1976: 'Pilgrim-style' Thanksgiving Day service

Members of the First Congregational Church in Dubuque dress as Plymouth Colony settlers during a “Pilgrim-style” Thanksgiving Day service on Nov. 24, 1976, at the church.

One of Dubuque’s oldest churches celebrated Thanksgiving in a unique way 45 years ago.

Parishioners of Dubuque’s First Congregational Church dressed as Pilgrims during a Thanksgiving service in November 1976.

Congregational churches founded by the Pilgrims and other spiritual reformers in the 1600s spread rapidly through New England and then westward. The Rev. James A. Clark, hired by the Congregational Home Mission Society, organized the first Congregational church in 1839 for Dubuque settlers. The cornerstone for the present church on 10th Street was laid in 1856, and the church was dedicated in 1860.

Here is how the Telegraph Herald reported on the special service in its Nov. 24, 1976, edition.

THANKSGIVING 1620-STYLE: CHURCH CELEBRATES HERITAGE IN ‘PILGRIM’ SERVICE

Parishioners dressed like Pilgrims for the Thanksgiving service at Dubuque’s First Congregational Church.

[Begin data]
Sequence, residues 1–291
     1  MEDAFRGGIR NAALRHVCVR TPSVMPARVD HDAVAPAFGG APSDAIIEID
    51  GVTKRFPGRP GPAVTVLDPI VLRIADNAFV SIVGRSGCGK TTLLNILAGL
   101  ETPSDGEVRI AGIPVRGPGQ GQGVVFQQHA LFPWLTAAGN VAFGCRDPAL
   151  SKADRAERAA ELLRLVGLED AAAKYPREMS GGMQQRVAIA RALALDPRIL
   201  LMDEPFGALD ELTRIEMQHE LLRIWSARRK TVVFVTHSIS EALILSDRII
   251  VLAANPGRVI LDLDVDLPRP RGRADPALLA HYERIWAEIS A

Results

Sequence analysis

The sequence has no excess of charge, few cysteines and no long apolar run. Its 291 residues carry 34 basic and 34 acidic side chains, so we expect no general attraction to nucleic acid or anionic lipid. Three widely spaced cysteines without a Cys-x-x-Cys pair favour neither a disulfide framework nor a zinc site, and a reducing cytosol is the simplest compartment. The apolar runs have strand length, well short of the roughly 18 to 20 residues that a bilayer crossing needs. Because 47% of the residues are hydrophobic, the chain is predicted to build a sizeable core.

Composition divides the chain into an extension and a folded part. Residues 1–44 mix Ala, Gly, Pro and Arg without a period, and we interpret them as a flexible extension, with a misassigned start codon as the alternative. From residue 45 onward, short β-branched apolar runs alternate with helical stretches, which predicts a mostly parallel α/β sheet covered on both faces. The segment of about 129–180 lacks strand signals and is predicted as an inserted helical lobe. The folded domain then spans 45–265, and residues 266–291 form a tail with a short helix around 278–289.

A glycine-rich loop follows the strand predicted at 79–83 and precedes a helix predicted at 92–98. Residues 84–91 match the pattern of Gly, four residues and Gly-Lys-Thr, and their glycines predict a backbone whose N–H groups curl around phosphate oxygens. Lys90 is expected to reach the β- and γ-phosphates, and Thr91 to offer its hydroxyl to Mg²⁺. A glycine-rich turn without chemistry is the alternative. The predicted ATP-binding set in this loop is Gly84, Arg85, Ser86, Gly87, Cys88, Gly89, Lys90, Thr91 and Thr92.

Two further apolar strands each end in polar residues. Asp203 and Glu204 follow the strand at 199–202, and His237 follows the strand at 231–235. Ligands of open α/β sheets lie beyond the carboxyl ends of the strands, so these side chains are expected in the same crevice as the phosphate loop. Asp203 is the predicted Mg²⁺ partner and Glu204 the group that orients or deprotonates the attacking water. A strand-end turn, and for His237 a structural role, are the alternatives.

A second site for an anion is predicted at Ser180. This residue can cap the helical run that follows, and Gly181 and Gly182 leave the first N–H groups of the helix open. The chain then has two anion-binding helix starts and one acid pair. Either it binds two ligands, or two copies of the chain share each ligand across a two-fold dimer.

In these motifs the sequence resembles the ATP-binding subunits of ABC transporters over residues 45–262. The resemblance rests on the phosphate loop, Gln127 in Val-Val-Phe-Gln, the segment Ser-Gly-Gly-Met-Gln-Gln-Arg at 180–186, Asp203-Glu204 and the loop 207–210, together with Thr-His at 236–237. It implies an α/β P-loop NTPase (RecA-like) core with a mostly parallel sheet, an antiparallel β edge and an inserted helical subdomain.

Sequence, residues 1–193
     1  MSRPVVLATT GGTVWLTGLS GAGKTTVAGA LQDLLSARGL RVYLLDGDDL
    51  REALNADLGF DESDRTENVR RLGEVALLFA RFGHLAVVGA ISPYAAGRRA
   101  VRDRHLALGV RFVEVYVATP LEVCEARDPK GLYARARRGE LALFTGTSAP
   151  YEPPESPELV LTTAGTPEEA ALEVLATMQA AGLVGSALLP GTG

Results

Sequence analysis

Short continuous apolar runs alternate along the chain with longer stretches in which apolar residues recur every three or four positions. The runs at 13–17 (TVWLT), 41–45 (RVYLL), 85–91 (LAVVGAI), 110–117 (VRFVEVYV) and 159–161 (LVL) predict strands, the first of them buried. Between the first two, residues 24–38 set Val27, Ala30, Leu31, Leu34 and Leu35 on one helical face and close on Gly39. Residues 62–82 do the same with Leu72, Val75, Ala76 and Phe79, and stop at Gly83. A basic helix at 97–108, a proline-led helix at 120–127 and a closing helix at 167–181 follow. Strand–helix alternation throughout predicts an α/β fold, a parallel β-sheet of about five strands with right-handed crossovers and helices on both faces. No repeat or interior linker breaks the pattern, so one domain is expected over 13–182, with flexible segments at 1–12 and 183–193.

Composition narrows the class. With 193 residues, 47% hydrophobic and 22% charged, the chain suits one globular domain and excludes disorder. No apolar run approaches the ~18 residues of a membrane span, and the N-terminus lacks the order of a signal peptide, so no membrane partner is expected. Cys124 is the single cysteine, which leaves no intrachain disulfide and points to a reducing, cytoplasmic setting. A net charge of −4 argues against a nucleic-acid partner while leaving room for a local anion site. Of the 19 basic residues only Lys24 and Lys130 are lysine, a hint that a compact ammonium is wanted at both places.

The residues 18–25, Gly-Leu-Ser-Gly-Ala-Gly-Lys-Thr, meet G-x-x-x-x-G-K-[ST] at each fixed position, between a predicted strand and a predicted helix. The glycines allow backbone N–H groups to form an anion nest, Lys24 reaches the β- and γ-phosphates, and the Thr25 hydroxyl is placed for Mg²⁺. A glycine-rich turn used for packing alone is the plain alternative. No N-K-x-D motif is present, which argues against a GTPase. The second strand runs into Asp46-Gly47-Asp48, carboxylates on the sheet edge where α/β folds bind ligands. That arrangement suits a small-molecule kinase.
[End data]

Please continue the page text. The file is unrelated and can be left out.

Men with blunderbusses stood sentry outside the church on 10th Street. And inside, men, women and children wore clothing reminiscent of the Pilgrims’ attire in 1620.

The Rev. Elmer Baker, the church’s pastor, said about 40 members of the congregation, including the choir, dressed like Plymouth Colony settlers for the second annual Pilgrim-style Thanksgiving service.

“We are celebrating our heritage — our Congregational Church heritage — which extends to the Pilgrims,” Baker said.

Dubuque’s First Congregational Church, which was formed in 1839, is a direct descendant of the church founded by the Pilgrims, Baker said.

The austere customs of the Pilgrims — who were among the first to follow the Protestant Ethic — weren’t apparent at the Dubuque church service.

But an old pair of cloth pouches on sticks, once used to collect the offering, were put into use again. And the Rev. Hatty Duncan read the congregation a portion of the first Thanksgiving proclamation made by George Washington in 1789.

Recommended for you